In a single sentence in the Abstract, you combine the finding from the literature of “increased risk of psychiatric problems in adoptees” with the generalization that this is “because of genetic transmission of disease.” Thus, the first part of the sentence refers to incidence, the stated purpose of the review, while the second part makes the conceptual leap that the incidence revealed by the literature reviewed is caused by genetics. The references cited do not in toto support this causation. . . .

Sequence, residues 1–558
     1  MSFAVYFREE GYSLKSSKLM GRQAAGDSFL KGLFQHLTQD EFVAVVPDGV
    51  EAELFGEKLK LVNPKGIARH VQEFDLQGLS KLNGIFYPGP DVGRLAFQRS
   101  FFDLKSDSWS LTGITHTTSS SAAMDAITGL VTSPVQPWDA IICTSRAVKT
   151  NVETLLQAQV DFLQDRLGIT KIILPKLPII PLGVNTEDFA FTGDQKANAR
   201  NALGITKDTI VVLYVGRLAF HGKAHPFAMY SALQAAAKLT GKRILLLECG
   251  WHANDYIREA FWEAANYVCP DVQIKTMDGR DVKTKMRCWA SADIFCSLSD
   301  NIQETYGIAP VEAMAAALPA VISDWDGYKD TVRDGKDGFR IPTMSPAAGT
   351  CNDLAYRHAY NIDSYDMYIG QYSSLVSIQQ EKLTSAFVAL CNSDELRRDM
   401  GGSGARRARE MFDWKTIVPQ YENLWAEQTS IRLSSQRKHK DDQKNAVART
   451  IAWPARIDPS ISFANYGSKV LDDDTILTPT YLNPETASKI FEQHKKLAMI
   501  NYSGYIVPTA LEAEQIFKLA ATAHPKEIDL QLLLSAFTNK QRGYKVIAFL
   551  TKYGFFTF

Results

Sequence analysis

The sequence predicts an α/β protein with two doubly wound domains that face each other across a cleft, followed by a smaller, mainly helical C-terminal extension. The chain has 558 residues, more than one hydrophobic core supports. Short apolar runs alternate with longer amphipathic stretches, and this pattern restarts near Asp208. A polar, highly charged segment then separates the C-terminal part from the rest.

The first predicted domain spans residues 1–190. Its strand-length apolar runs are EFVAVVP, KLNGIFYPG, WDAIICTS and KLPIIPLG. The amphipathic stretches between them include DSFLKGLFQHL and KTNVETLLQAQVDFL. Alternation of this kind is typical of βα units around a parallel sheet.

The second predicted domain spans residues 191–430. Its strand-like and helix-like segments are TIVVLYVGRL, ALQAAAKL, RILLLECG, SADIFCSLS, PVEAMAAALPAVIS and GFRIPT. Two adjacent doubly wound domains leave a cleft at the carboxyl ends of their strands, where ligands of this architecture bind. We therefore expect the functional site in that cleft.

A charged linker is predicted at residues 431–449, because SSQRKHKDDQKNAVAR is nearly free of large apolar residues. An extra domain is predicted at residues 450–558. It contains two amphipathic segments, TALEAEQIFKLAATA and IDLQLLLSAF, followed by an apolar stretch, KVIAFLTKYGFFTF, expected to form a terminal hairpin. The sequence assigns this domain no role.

Your basic method of assessing “incidence” of adoptee psychiatric disorder is by comparing the numbers of adoptees and non-adoptees with similar symptoms in a given clinical setting, as well as with the rate of such symptoms in the general population. In fairness to you, this is a widely used approach in the literature about the rate of adoptee psychopathology. Nevertheless, not only do some of us not regard the over-representation at clinics as a reliable indicator of the true incidence, but we also challenge the appropriateness of the comparison groups. Non-adopted children comprise the bulk of the child population, so the “non-adopted” as a category is too undifferentiated. Among the non-adopted are groups who lack permanent or adequate parenting for diverse reasons, as do adoptees, and who require substitute care, including institutions, foster care, or catch-as-catch-can informal arrangements. As a more appropriate method, I think, some follow-up studies compare adjustment after adoption, foster care, and post-placement return to biological parents. . . . Thus, the apparent error in comparing rates of maladjusted adoptees in clinical settings with maladjusted non-adoptees in those settings, and psychiatric illness in the general population is that the first category seems too narrow, the second too broad, and the third statistically questionable. . . .